Mr Sassou-Nguesso is widely expected to win another seven-year term
People in the Republic of Congo have voted in an election which opposition leaders boycotted over allegations it would be neither free nor fair.
President Denis Sassou-Nguesso, who has been in power for most of the past 30 years, was widely expected to win another seven-year term.
Turnout was fairly low, but voting was peaceful, election observers said.
Opposition leaders had urged voters to stay away, saying the government had inflated the electoral roll figures.
The BBC's Thomas Fessy in the capital Brazzaville says many people have left the city fearing unrest.
Voting was slow, with no queues reported at polling stations in several parts of the country, he says.
Before the polls closed, the head of the African Union observers, Dieudonne Kumbo Yaya, told the BBC his team was not aware of any fraud having taken place.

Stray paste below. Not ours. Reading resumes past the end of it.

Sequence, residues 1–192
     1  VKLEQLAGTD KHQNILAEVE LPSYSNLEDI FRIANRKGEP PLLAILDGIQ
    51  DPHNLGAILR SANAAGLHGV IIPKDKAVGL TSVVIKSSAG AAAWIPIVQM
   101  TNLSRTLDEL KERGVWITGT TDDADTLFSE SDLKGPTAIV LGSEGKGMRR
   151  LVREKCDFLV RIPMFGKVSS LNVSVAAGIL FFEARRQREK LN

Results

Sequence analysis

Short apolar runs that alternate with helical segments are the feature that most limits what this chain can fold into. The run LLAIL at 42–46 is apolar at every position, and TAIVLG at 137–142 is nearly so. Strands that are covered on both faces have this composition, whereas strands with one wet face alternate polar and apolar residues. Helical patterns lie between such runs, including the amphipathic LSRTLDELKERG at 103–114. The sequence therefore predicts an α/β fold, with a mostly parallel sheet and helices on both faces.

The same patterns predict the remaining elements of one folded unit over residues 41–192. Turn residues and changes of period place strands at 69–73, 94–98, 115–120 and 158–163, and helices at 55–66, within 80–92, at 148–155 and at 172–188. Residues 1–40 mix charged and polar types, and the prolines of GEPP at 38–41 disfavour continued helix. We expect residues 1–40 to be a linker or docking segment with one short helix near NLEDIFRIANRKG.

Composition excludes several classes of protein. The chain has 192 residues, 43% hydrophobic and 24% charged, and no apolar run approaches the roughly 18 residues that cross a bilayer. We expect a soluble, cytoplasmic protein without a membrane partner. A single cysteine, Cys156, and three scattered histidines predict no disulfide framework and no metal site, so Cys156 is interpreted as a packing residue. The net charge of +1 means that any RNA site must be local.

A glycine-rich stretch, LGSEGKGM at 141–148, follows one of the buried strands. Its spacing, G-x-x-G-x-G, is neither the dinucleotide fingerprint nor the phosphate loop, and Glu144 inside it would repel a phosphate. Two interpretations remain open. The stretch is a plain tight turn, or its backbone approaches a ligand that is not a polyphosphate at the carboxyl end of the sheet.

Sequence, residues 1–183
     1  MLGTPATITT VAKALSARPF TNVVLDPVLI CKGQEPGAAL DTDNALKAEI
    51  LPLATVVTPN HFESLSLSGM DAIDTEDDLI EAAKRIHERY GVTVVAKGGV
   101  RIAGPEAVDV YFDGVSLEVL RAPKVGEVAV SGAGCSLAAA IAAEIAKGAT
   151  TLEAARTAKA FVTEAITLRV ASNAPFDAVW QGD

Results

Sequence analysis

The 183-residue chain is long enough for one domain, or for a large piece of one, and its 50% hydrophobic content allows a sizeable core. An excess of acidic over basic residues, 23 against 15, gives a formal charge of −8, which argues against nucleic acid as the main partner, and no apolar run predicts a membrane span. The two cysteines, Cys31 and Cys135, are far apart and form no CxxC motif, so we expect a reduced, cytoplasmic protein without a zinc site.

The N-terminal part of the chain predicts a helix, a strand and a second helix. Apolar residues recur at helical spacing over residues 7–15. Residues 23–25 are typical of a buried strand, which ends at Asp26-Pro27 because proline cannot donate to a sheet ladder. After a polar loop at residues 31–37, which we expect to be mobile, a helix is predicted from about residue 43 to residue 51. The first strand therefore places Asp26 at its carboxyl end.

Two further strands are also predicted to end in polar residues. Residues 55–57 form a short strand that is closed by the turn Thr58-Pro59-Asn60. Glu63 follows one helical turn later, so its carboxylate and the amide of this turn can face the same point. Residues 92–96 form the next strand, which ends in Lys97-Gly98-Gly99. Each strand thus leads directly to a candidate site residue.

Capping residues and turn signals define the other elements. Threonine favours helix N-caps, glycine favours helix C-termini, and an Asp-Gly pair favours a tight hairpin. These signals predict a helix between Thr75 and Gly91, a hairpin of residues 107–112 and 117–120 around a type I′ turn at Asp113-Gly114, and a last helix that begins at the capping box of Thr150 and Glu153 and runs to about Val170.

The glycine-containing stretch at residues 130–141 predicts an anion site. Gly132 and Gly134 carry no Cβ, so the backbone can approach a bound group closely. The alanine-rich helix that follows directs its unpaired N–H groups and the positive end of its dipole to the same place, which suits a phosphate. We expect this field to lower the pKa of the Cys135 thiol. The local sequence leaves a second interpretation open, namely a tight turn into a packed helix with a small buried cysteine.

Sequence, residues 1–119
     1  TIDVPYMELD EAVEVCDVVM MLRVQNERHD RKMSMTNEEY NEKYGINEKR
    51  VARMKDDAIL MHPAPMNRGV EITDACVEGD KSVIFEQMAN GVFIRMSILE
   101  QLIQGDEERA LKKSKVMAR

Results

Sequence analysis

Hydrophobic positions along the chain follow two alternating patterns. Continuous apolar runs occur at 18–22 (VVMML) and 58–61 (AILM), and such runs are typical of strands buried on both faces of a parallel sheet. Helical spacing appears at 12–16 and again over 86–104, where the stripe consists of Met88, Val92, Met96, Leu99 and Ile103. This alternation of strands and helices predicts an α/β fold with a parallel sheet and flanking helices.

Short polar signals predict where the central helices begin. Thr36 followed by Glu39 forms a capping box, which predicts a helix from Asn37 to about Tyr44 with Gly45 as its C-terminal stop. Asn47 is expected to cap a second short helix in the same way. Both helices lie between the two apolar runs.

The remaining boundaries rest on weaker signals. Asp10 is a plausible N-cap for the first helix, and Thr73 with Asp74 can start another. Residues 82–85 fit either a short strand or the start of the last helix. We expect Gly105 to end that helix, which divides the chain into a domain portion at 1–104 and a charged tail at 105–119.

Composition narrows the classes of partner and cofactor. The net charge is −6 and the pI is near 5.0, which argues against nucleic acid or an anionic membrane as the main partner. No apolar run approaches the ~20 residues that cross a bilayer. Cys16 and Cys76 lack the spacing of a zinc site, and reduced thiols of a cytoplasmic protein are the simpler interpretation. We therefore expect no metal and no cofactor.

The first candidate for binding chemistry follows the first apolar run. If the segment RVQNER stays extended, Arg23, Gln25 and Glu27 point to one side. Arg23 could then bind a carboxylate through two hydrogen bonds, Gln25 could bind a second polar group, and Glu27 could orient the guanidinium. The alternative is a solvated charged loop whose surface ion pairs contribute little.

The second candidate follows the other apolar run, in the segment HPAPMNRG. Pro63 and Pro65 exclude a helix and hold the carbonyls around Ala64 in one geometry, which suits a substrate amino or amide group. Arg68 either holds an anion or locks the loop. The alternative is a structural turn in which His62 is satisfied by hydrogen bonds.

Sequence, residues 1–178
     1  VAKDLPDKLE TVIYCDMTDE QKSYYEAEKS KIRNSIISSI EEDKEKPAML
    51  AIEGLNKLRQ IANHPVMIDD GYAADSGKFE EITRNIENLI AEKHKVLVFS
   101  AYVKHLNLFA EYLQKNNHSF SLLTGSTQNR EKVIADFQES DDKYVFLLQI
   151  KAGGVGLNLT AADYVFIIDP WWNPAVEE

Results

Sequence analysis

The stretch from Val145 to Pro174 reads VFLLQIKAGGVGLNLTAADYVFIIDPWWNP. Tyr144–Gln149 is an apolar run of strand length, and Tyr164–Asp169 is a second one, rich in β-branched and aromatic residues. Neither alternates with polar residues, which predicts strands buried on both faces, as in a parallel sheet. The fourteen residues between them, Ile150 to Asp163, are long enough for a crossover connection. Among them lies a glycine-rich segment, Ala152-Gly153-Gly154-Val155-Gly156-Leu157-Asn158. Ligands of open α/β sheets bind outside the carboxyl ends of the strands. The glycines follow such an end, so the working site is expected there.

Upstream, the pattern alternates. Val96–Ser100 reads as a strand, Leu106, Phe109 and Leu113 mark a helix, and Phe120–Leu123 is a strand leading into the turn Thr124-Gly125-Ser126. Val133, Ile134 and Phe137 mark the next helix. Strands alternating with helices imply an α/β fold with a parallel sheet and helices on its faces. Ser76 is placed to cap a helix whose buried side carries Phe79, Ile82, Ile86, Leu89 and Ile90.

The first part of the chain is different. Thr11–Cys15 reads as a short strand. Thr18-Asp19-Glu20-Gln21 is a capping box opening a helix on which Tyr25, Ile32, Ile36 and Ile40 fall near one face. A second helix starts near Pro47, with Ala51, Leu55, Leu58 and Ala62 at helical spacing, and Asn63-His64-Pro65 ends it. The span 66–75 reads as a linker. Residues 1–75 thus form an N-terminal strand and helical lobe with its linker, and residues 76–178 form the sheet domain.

But our correspondent witnessed money being handed out at a polling station in the south of the capital, to people who later said they had been asked to vote for Mr Sassou-Nguesso.
"They are giving money and they tell us for whom to vote for," one voter told the BBC.
"As abstention is really high, they ask for your voting card and then give you money to go vote, this is what they are doing at the moment."
Another man said he had not voted because he had not been given a polling card.
Opponents said the electoral roll had been rigged
Earlier in the day, Mr Sassou-Nguesso told a rally of his supporters in the capital: "Fear not and go and vote. There will not be any more war in Congo."
But his main rival, Mathias Dzon, and four other candidates had urged voters to boycott the polls.
"No-one should go and vote on Sunday. Stay at home - we don't want an electoral hold-up or a parody of an election," said Clement Mierrassa, head of the opposition Congolese Social Democratic Party.
Government officials say more than two million people have been registered to vote but Roger Bouka Owoko, head of the Congolese Observatory for Human Rights (OCDH), said that figure was "grotesque".
"Congo cannot have so many electors," he said. "This monstrous electoral register is the drawback of the electoral process."
One election observer, speaking on condition of anonymity, told Agence France Presse: "There are more observers than voters".
The head of the European Commission delegation in Congo, Miguel Amado, said he also had concerns about the electoral roll being used and said many people had not received voting cards.